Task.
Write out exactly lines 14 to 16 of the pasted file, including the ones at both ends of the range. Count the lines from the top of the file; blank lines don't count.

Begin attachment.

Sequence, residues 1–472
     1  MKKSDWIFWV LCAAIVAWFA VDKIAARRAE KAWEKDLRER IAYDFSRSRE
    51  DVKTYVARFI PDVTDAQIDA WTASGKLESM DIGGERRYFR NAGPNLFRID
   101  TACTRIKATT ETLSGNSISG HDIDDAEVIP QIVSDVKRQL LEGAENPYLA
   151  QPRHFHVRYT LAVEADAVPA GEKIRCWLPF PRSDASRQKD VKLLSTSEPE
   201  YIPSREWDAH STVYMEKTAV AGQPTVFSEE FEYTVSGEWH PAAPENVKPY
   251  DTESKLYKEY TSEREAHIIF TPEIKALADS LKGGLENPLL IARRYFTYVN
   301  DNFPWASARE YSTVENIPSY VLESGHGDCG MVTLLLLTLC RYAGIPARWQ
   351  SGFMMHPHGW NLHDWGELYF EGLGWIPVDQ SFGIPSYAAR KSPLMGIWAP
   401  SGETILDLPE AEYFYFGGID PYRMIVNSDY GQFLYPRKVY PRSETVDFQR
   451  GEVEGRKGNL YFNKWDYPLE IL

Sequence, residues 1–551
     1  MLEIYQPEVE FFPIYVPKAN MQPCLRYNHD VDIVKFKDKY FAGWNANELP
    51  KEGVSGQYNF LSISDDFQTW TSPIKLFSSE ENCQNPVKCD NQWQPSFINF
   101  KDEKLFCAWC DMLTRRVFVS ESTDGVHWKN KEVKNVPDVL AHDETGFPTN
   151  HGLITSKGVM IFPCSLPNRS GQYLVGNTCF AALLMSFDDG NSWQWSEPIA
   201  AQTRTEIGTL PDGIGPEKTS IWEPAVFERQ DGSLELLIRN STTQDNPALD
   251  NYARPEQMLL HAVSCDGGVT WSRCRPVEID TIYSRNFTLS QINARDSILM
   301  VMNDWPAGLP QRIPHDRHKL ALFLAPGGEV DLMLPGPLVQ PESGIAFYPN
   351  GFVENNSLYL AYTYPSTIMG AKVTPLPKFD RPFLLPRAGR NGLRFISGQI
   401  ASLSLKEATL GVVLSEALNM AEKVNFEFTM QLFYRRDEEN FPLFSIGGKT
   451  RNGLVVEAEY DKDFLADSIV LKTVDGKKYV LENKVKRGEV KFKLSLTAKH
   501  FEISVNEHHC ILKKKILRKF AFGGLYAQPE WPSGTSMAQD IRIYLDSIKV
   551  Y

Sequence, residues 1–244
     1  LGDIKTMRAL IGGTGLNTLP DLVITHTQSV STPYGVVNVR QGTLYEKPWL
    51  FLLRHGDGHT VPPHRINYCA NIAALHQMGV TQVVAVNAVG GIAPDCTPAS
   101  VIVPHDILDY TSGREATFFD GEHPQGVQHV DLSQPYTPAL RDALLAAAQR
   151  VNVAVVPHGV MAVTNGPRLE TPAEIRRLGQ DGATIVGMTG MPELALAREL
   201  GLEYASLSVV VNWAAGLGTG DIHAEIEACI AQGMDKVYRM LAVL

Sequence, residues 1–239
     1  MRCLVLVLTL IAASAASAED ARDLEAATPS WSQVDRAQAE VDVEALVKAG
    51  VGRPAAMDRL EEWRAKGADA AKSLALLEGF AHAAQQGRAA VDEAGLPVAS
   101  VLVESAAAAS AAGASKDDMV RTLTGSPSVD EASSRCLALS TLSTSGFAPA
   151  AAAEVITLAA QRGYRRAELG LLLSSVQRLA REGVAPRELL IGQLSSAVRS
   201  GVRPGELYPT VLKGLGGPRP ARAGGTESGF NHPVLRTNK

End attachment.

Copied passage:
    51  KEGVSGQYNF LSISDDFQTW TSPIKLFSSE ENCQNPVKCD NQWQPSFINF
   101  KDEKLFCAWC DMLTRRVFVS ESTDGVHWKN KEVKNVPDVL AHDETGFPTN
   151  HGLITSKGVM IFPCSLPNRS GQYLVGNTCF AALLMSFDDG NSWQWSEPIA